EMBRACE YOUR LOSSES - Singapore Forex Trading, Singapore Forex Academy, Singapore Forex Association

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“No one is going to know or care about your failures. All you have to do is learn from them because all that matters is that you get it right once. Then everyone can tell you how lucky you were.”
Mark Cuban
When a stock’s pattern starts breaking down for whatever reason, take a step back and ask yourself if on that day you would enter the stock for the very first time. If the answer is no, it is probably best to act decisively and cut your losses immediately. As the sayings go: “trade what you see, not what you think.” “Do not hope, Act!” “Sell first and ask questions later.”
It is critical that you learn to deal with these losses unemotionally. When the inevitable happens and you exit a position for a loss, it must be viewed as an entirely necessary part of the cost of doing business. As an extension, you must separate your ego from the day to day fluctuations in the value of your entire portfolio. I have found that the more often I glance at my account value, the worse my trading results become. Unless you need to pay tuition tomorrow, my recommendation is that you look at the value of your account as seldom as possible.
Focusing on a declining account value will inevitably make you more prone to enter the dreaded “Revenge Trade.” Revenge trades happen when you take a larger than normal position in a questionable stock in an attempt to make back the money that you have lost. Ask any professional trader, and he will tell you that revenge trades almost ALWAYS end in failure. After a loss, don’t blame yourself, the “shorts,” or the market. Don’t dwell on the event, simply accept what is, and turn your focus to the constant stream of new opportunities that lie ahead. A positive mindset and emotional self-awareness in these circumstances will help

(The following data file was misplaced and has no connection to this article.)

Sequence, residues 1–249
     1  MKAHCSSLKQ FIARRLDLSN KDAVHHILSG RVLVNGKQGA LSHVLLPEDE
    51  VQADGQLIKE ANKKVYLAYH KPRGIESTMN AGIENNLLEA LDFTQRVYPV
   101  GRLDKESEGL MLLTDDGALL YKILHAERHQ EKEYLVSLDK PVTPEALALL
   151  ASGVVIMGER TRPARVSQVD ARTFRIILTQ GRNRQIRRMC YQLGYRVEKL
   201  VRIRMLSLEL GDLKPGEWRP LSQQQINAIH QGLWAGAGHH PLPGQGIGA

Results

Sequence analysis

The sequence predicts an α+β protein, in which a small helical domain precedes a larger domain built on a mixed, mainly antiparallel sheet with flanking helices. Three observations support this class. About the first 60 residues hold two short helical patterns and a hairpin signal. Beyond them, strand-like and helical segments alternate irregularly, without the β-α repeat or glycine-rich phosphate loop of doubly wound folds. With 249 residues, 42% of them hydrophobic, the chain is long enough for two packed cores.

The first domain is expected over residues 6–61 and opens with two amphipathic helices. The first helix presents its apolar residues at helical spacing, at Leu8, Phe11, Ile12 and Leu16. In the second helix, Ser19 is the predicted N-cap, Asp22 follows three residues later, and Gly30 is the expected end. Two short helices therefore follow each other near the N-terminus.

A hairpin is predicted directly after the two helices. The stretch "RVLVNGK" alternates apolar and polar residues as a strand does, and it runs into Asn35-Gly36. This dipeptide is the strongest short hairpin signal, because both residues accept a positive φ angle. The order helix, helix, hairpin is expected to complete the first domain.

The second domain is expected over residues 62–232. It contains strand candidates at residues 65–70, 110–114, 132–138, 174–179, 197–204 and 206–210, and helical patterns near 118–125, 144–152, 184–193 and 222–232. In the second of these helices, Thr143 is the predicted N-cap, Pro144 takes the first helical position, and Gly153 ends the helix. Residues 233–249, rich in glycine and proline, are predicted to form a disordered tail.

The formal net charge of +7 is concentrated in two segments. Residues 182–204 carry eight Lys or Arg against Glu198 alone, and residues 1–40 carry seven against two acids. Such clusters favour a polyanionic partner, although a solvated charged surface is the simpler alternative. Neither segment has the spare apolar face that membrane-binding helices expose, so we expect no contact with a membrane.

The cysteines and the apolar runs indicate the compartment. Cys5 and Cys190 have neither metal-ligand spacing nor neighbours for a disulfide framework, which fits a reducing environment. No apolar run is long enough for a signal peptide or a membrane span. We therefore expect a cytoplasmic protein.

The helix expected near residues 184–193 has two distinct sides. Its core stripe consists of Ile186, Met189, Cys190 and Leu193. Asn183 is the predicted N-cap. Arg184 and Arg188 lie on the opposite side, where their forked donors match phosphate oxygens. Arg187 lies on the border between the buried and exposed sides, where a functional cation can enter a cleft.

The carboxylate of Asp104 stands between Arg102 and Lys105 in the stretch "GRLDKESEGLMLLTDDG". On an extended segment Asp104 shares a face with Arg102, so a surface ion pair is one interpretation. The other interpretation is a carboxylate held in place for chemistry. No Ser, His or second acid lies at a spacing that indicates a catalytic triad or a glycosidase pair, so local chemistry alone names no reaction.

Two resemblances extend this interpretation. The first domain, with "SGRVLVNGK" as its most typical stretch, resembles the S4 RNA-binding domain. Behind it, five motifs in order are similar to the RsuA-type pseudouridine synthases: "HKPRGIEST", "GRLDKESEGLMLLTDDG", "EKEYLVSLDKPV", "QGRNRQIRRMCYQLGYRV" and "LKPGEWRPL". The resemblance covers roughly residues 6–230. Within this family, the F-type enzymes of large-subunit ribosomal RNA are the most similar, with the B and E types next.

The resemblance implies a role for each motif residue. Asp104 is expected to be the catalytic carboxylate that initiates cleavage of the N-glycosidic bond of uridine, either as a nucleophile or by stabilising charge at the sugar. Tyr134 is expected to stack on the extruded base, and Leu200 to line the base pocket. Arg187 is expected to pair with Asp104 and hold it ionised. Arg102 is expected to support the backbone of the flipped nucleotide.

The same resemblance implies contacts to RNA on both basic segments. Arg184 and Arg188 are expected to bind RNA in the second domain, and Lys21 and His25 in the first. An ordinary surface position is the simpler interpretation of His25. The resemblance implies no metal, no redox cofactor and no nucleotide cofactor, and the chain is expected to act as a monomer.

give you the emotional flexibility necessary to choose how you feel. Without this emotional awareness, you may be blindsided by whatever destructive emotions your subconscious throws your way.
Famed investor Benjamin Graham has said that “Intelligent Investment is more a matter of mental approach than it is of technique.” Fortunately for you, most of your competition has never considered analyzing their mental approach to trading. Without disciplining their mind, they are intuitively focused on negativity and fear. As your competitors will do just about anything to avoid making a mistake, they will shy away from the greatest opportunities in the market.
The world’s greatest athletes, business people, traders, salespeople (you name it) all have a definitive lack of fear of making a mistake. Like staggering babies, they go out of their way to make mistakes. Knowing that there is a distinct possibility of a failure in any trade, you can greatly diminish trading errors based on fear. In this fashion, you must make it a priority to be fearless in your trading and embrace your eventual mistakes wholeheartedly.